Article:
Advantages

  • Complexity is free: The cost is less to print a complex part than a simple cube of the same size. The more complex (or, the less solid the object is), the faster and cheaper it can be made through additive manufacturing.
  • Variety is free: If a part needs to be changed, the change can simply be made on the original CAD file and the new product can be printed right away.
  • No assembly required: Moving parts such as hinges and bicycle chains can be printed in metal directly into the product, which can significantly reduce the part numbers.
  • Little lead time: Engineers can create a prototype with a 3-D printer immediately after finishing the part’s stereo lithography (STL) file. As soon as the part has printed, engineers may then begin testing its properties instead of waiting weeks or months for a prototype to be produced.
  • Little-skill manufacturing: While complicated parts with specific parameters and high-tech applications should be left to the professionals, even children in elementary school have created their own figures using 3-D printing processes.
  • Few constraints: Anything you can dream up and design in the CAD software, you can create with additive manufacturing.
  • Less waste: Because only the material that is needed is used, there is very little (if any) material wasted (depending on the AM technology in use, in some case waste can be recycled).
  • Infinite shades and materials: Engineers can program parts to have specific colors and also material properties in their CAD files, and printers can use a combination of materials and any color to print them (high-end multi-material color 3D printers).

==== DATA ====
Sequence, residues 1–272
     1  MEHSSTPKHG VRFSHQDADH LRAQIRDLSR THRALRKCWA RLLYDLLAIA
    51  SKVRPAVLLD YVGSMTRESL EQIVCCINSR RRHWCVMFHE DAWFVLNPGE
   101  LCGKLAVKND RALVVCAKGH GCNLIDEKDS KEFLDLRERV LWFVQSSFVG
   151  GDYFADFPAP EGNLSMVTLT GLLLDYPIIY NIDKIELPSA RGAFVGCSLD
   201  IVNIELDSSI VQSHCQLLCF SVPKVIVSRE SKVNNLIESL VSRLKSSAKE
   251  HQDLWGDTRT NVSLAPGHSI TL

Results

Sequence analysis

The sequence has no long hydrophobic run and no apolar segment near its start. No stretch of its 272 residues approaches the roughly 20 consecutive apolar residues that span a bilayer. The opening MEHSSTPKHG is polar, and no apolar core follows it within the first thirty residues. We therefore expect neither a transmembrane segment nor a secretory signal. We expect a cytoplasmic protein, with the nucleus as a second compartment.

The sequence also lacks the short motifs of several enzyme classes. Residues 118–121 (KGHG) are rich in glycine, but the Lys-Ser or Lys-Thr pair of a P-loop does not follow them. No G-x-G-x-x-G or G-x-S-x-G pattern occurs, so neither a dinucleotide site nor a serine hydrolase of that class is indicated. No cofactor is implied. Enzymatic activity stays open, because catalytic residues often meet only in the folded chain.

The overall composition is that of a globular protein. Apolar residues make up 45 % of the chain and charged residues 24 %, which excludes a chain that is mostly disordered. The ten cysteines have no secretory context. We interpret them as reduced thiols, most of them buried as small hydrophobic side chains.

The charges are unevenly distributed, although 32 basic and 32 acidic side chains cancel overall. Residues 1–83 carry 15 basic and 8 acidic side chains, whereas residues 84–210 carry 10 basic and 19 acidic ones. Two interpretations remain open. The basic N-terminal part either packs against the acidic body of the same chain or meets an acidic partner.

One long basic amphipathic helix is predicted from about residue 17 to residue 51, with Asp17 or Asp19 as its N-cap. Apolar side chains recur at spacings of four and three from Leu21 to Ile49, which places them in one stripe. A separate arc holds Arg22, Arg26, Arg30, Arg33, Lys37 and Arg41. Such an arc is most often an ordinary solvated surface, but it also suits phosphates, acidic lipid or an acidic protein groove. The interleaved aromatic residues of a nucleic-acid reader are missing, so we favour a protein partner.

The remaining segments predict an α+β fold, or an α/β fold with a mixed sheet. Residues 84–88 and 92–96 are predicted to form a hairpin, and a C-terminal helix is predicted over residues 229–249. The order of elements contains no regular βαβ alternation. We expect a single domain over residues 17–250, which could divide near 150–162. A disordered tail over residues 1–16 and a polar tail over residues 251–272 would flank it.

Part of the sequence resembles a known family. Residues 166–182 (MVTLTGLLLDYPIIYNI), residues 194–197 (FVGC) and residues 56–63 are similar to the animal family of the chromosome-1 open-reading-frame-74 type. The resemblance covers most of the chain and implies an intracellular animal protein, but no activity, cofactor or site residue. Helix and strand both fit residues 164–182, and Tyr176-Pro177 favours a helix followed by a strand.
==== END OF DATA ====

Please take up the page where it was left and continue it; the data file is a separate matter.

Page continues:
Today, according to ASTM F2792 Standards, there are seven families of Additive Technologies (plus Hybrids), each one using different types of materials as it can be seen in Figure 3. Some of the most important characteristics of each family and also the types and properties of available materials are shown below.

Figure 3: Seven Families of AM Technologies plus hybrid according to ASTM F2792 Standards[3].
 

Independent of the type of AM machine, in general, there are always eight distinct steps in the process sequence:

  1. Conceptualization and CAD: Design the 3D part/model with Computer Aided Design (CAD) software.
  2. Conversion to STL: Transform the CAD file from the software format to a more open format as an STL file.
  3. Transfer and manipulation of the STL file on AM machine: Usually using a network, USB, or SD cards.
  4. Machine setup: Configuring the machine itself.
  5. Build sequence: Actual building of the 3D object.
  6. Part removal and cleanup: Remove from the machine, clean, and remove supports.
  7. Part post-processing: Surface finishing, hardening, etc.
  8. Application: Use of the part.

We will discuss these steps more in detail as this course progresses. The process steps can be summarized as shown in Figure 4:

Figure 4: AM Summarized Process Steps [36].
 

Let's watch a short introductory video about 3D Printing as one of the main Additive Manufacturing Technologies:


 

There are several names used for identifying AM, such as additive layered manufacturing (ALM), rapid manufacturing (RM), rapid prototyping (RP), layer manufacturing technique (LMT), and 3D printing. Stereo-lithography was a term used by 3D Systems Co., while 3D Printing was used by MIT researchers. The term additive manufacturing (AM) will be used throughout this course.